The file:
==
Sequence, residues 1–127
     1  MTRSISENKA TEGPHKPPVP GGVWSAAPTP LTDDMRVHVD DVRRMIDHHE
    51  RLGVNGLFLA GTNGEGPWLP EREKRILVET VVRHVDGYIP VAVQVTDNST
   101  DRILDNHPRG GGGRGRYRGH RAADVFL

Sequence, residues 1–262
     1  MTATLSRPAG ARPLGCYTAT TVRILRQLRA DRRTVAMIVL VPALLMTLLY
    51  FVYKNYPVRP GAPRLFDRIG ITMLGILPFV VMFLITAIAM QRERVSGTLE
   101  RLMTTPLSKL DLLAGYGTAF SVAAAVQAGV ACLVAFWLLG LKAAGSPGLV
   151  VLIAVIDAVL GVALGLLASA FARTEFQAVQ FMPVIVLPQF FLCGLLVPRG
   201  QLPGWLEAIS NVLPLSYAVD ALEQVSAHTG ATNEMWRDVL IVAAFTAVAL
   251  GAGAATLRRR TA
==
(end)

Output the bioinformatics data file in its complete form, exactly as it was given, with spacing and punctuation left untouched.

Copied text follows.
Sequence, residues 1–127
     1  MTRSISENKA TEGPHKPPVP GGVWSAAPTP LTDDMRVHVD DVRRMIDHHE
    51  RLGVNGLFLA GTNGEGPWLP EREKRILVET VVRHVDGYIP VAVQVTDNST
   101  DRILDNHPRG GGGRGRYRGH RAADVFL

Sequence, residues 1–262
     1  MTATLSRPAG ARPLGCYTAT TVRILRQLRA DRRTVAMIVL VPALLMTLLY
    51  FVYKNYPVRP GAPRLFDRIG ITMLGILPFV VMFLITAIAM QRERVSGTLE
   101  RLMTTPLSKL DLLAGYGTAF SVAAAVQAGV ACLVAFWLLG LKAAGSPGLV
   151  VLIAVIDAVL GVALGLLASA FARTEFQAVQ FMPVIVLPQF FLCGLLVPRG
   201  QLPGWLEAIS NVLPLSYAVD ALEQVSAHTG ATNEMWRDVL IVAAFTAVAL
   251  GAGAATLRRR TA